Status Quo. This assumes all jurisdictions maintain current level of effort in nutrient and sediment control programs. Programs and regulations that are already scheduled to go into effect before 2010 are included. It assumes that funding levels for programs remain unchanged. No new programs are introduced.
Once called the “maximum feasible” level of effort, it assumes the current mix of regulatory and voluntary programs are taken to maximum implementation levels (usually considered to be about 80 percent participation). Additional participation in voluntary programs would be motivated by increased incentives. It assumes nonpoint source control programs have unlimited funding to encourage participation, and that there is no limit on the cost-share amount given to individuals. Point source programs are also provided with incentives.
This is the “limit of technology” scenario. It assumes full implementation of the appropriate point and nonpoint source practices given unlimited funding and 100 percent participation. The only constraints considered are physical limitations, such as adequate space to implement nutrient control practices, or extreme cost increases.
Each tier was developed using implementation assumptions based on dozens of programs. Here are examples of the types of assumptions made in each tier about different programs:
- Nutrient Management Plans. The plans, designed to optimize the use of fertilizer and to help prevent runoff, have been developed for about 2.3 million acres of cropland in the watershed. They would eventually cover 3 million acres in Tier 1, 3.85 million acres in Tier 2 and 4.24 million acres in Tier 3. In Tier 3, it is also assumed that one-third of those acres are enrolled in a “Yield Reserve Program” in which farmers are paid a premium to use less fertilizer than is called for in nutrient management plans.
- Conservation Reserve Program and Conservation Reserve Enhancement Program. These programs, which provide farmers with incentives to take environmentally sensitive lands out production and plant buffers, now cover about 87,000 acres of cropland. In Tier 1, that would grow to 128,000 acres, in Tier 2 to 500,000 acres and in Tier 3 to 742,000 acres.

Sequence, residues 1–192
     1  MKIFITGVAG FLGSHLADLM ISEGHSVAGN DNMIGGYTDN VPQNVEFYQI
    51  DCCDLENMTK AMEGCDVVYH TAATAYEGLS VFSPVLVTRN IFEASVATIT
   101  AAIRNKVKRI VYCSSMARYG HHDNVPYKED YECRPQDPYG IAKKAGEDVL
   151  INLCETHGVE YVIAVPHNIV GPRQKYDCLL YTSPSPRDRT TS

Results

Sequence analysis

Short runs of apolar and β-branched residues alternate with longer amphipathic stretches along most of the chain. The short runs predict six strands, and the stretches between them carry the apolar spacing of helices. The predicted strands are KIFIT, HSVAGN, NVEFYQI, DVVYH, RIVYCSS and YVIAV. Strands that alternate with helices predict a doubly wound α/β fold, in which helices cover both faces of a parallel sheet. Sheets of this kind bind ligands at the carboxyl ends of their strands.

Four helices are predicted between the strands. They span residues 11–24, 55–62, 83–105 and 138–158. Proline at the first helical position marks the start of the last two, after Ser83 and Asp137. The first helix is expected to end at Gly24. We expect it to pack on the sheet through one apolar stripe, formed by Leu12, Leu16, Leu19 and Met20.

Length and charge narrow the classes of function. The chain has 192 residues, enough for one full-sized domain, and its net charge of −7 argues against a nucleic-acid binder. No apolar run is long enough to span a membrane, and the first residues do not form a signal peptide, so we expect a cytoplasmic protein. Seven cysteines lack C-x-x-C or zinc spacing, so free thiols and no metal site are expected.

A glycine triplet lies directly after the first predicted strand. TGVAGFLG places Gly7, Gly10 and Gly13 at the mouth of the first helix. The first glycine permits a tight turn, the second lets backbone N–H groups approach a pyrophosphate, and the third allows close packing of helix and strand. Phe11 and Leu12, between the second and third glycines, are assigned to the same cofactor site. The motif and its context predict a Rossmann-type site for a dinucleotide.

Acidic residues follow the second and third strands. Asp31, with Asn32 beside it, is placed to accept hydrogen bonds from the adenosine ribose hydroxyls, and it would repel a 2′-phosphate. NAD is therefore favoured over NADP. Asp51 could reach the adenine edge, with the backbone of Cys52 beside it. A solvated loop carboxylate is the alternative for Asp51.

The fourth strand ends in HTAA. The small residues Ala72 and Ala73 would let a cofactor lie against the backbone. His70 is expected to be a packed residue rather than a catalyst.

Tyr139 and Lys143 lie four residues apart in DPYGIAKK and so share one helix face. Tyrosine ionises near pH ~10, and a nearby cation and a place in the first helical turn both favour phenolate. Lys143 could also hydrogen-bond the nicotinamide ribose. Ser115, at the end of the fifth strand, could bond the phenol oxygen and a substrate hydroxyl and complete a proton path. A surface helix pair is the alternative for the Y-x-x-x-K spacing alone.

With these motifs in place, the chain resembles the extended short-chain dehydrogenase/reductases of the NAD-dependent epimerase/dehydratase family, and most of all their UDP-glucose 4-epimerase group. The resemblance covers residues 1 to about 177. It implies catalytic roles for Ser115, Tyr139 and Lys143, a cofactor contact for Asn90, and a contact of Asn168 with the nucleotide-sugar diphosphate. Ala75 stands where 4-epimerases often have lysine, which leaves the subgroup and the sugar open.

- Cover Crops. These are planted in the fall to absorb excess nutrients left after harvest. They would increase from the current annual average of 153,000 acres to 1.5 million acres annually under Tier 2 and 2.2 million acres under Tier 3.
- Yield Reserve. A potential new program that would provide farmers with an economic incentive to use less fertilizer than is prescribed in a nutrient management plan, thereby achieving further reductions in runoff. Tier 1 and Tier 2 do not include a yield reserve program, but Tier 3 assumes that 30 percent of cropland and hayland are in a yield reserve program.
- Land Development. Tier 1 assumes land development continues at the current rate; Tier 2 assumes that the rate of development is reduced by 10 percent and Tier 3 assumes the rate of development is reduced by 20 percent.
- Stormwater. Tier 1 assumes that 65 percent of new development has stormwater management; Tier 2 assumes that 75 percent of new development has traditional stormwater management, and that 25 percent of new development also uses low-impact techniques to further control runoff; Tier 3 assumes that half of new development has traditional stormwater management, and the other half uses low-impact development techniques.
- Septic Systems. Tier 1 assumes no change from current programs; Tier 2 assumes that 10 percent of all new septic systems have nitrogen control technologies; Tier 3 assumes that all new septic systems have nitrogen control technologies and 1 percent of existing systems are replaced annually with systems that have nitrogen control technology.
- Wastewater Treatment. Tier 1 assumes that all plants now planned for nutrient control upgrades are completed; Tier 2 assumes that all large plants in the watershed are upgraded with nutrient control technology that limits nitrogen concentrations to 8 milligrams per liter; Tier 3 assumes that all plants are upgraded to nitrogen control technology with nitrogen concentrations limited to 5 mg/l. (Traditional wastewater treatment, without nutrient controls, usually reduces nitrogen to a bit more than 20 mg/l.)